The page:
We continued to be light on the feeding this month, as we tried to do our bit to reduce or limit the spread of the mysterious disease we’d heard of—encouraging the equivalent of “social distancing” for birds. This disease had not been reported in Vermont. By the end of the month, we had resumed a very limiting feeding schedule.
At one point this month, we put several hornworms in the feeder tray. In late August, we started putting out sunflower chips again.
Birds observed, one way or another, in August
- Ruby-throated Hummingbird
- Mourning Dove
- Veery (vocal)
- Tufted Titmouse (heard and *)
- Eastern Pewee (heard)
- Common Yellowthroat (at pond)
- American Goldfinch*
- Gray Catbird (in parking lot)
- Blue Jay*
- Black-capped Chickadee (in parking lot)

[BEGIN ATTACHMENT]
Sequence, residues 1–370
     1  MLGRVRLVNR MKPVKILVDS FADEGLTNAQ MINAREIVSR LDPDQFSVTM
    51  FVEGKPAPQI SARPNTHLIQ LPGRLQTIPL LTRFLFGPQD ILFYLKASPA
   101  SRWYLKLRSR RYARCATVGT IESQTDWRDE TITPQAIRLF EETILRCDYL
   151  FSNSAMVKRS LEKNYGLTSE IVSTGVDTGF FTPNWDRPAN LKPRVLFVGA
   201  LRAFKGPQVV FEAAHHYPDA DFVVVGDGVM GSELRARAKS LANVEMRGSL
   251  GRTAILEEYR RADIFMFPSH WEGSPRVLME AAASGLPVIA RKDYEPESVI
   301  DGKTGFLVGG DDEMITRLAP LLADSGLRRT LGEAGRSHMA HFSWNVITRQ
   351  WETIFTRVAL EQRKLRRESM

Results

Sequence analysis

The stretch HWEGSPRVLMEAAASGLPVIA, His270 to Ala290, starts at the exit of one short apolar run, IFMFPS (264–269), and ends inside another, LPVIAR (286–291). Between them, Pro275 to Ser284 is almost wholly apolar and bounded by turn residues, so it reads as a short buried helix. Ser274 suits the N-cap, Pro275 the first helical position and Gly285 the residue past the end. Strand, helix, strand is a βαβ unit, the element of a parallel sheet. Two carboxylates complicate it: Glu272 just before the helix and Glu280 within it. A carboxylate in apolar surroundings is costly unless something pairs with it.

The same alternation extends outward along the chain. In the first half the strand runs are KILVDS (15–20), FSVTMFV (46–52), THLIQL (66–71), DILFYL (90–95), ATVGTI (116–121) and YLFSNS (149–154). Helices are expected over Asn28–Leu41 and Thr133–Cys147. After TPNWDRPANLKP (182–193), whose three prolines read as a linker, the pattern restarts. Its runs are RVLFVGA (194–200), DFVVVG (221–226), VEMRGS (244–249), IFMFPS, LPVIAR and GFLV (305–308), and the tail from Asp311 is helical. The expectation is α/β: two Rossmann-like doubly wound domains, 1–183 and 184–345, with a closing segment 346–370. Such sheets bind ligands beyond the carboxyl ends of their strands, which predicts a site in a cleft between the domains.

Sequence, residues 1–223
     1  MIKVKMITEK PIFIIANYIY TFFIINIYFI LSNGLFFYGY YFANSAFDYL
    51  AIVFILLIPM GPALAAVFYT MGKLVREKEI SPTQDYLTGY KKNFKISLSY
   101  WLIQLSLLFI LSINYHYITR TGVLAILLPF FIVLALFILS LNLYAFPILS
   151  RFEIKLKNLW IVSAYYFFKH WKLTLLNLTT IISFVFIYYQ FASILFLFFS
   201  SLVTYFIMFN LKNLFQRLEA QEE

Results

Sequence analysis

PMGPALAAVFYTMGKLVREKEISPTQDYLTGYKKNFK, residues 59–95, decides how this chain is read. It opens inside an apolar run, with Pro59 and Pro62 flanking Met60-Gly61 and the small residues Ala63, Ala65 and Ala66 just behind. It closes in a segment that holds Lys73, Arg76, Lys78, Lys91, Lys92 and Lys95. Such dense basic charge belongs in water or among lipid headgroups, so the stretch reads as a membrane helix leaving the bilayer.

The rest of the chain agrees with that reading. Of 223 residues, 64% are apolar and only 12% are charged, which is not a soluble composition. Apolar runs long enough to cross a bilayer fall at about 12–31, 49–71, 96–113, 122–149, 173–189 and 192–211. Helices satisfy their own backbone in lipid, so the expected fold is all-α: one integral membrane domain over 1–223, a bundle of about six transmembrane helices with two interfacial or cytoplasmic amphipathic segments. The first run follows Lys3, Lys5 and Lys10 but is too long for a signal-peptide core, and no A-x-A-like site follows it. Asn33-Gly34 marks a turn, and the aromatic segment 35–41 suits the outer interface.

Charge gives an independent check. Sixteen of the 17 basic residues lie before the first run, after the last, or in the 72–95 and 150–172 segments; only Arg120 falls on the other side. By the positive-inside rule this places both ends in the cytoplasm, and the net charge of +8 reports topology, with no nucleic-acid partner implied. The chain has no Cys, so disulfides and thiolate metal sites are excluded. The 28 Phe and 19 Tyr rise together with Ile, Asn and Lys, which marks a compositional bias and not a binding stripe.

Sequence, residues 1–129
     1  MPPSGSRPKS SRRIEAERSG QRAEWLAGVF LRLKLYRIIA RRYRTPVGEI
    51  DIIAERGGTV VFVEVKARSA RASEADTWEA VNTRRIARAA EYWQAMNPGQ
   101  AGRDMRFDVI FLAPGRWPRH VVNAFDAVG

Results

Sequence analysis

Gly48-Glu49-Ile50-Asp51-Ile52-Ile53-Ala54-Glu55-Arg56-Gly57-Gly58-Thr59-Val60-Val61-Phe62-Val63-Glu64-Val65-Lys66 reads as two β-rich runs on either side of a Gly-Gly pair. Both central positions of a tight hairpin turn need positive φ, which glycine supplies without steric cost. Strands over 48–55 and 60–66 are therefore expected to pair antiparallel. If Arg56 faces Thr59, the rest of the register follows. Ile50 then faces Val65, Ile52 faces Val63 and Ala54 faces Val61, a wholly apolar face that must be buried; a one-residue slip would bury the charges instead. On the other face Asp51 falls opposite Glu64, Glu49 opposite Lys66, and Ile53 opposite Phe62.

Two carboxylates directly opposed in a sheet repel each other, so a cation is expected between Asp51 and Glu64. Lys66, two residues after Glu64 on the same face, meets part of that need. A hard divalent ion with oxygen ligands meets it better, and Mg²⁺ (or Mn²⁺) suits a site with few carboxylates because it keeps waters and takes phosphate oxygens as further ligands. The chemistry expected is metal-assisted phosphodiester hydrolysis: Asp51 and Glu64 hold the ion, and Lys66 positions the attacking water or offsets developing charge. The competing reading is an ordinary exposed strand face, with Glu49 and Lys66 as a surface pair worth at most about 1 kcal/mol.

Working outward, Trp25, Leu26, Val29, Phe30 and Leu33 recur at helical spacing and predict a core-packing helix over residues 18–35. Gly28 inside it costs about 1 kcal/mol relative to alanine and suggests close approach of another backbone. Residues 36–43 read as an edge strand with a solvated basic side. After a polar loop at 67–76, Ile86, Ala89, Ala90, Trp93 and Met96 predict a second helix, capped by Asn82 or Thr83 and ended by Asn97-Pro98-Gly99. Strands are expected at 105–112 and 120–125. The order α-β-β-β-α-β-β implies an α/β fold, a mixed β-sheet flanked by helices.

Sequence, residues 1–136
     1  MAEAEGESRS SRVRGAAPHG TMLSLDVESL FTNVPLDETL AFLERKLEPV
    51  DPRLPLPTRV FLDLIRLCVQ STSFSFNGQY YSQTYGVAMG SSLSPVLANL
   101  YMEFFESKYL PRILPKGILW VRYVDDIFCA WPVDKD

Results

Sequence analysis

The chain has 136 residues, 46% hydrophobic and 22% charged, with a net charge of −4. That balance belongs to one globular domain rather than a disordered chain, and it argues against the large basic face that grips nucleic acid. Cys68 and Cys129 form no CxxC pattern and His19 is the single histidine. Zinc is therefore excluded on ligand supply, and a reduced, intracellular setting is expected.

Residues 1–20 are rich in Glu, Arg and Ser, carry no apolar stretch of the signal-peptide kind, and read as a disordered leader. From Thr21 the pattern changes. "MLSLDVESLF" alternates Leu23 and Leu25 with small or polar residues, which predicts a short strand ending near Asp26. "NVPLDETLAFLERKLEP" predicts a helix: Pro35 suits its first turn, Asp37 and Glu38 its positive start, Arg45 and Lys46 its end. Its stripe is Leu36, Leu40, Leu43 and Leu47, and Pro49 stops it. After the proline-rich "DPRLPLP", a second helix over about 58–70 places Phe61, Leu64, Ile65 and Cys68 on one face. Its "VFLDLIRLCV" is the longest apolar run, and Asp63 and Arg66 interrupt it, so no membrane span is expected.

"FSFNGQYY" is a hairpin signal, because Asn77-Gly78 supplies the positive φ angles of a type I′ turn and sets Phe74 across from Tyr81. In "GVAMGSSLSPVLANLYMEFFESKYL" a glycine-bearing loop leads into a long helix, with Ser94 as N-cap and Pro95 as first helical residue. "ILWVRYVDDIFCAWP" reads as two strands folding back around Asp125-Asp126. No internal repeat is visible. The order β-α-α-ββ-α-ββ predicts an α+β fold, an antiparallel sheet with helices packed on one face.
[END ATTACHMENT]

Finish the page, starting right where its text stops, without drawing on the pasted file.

- Northern Cardinal*
- Rose-breasted Grosbeak (female)*
- Hairy Woodpecker
- Red-breasted Nuthatch
- Downy Woodpecker
If you don’t feed the birds much, they don’t knock seed down to the ground, and then strangely enough, the squirrels and the chipmunks don’t spend all day in the bird feeding area. Go figure!
* observed at the tray after we put some tomato hornworms in it. Some were observed other days as well.
(Bold items in this list are those species not recorded in July 2021.)
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The “Through the Window” series is an informal record of observations made by staff, volunteers, and visitors. Anyone at the Museum may add to this list. Observations are usually through our viewing window: a large window with a film covering that helps hide watchers from the birds. We have chairs and binoculars to try, a white board, and many identification guides. Outdoors, several feeders are attached on a single, 8′ steel pole. A small pond, flowers and water plants, shrubs and trees add cover and (seasonally) other food choices . You can sometimes see what we see via our webcam.